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Fiji Sun


Letters To The Editor, 14th May 2017

Letters To The Editor, 14th May  2017
May 14
10:55 2017

Loud TV commercial

Tomasi Boginiso,  Nasinu

Has anyone noticed anything when watching Fiji One News every evening? When the news is on air and just when you turn the volume to its minimum to suit you and when the commercial breaks the sound almost reaches its maximum volume. It gets irritating when you are trying to turn the volume low but as the news returns you could hardly hear a thing.

I wonder if the people on the controls are aware of the difference. I believe at a certain stage they could have heard of such sudden loud sounds at home.

I will be really surprised if no one has noticed this so far.

Please, do something to stop this loud nonsense and just get it right.


Railway system

Sukha Singh,  Labasa

Vishnu Mohan wants more cane to be delivered to the mills by rail.

The portable rails are very heavy and so are the rail trucks. There are many risks and hazards involved in carrying these portable rail lines, joining them and pulling the loaded carts to the main line. Though it is cheaper it is too labour intensive.


Dakuvula responds

Jone Dakuvula,  Suva

I refer to the article by Jyoti Pratibha headed “Privilege Bill Does Not Mean Government Exempt from Criticism”.

The article purports to be a criticism of those who have made submissions criticising Section 24 of the Parliamentary Powers and Privileges Bill.

The article appears to be also justification of why Fiji Sun has not reported on the Parliamentary Committee hearings of the Bill.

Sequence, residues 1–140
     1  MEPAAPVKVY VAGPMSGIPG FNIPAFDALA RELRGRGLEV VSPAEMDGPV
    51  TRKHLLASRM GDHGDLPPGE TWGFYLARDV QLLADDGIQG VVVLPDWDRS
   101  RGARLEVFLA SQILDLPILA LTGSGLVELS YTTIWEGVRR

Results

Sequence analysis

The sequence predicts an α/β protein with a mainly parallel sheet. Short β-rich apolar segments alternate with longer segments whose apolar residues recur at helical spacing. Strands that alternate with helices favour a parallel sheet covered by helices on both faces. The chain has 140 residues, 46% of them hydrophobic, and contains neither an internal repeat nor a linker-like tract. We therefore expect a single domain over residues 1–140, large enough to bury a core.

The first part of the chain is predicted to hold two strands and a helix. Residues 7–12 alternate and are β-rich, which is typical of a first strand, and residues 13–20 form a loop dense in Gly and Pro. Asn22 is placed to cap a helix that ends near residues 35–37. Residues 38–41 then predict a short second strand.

It accuses the critics of the Bill of not basing their submissions on facts and therefore “not holding any water”.

It then refers to their reading of the 1965 Parliament Powers and Privileges Act which is the origin of the current Act, and that the Bill will repeal.

The writers unfortunately, have a misunderstanding of the current legislation and therefore their argument does not hold any water.

The words they refer to like “insult” and “slander and libel” and “defamation” to justify their argument that Parliament has the right to protect itself from such words and actions by ordinary citizens and that the Bill is merely continuing the old provisions is a misreading. Pratibha and Delaibatiki do not understand the context.

The Bill and the old Act, on provision of information for Parliament, is about:

 The giving of evidence

 Presentation of submissions and documents

 Publication and presentations of document

 Formulation and Communication of documents

 Presentation of information

 Words spoken or acts done for the purposes of business of Parliament and its Committees

Citizens can be arrested in Parliament precincts and punished if they indulge in insults, making false statements or allegations, defaming or take violent actions in relation to the above-mentioned purpose of the Act. Parliament has the powers similar to the High Court.

Section 24 of the Bill however goes beyond the ambit of the powers of this Parliament by seeking to criminalise actions or words that are spoken and published by citizens outside Parliament and that are deemed to be demeaning or defaming Members of Parliament and the Speaker.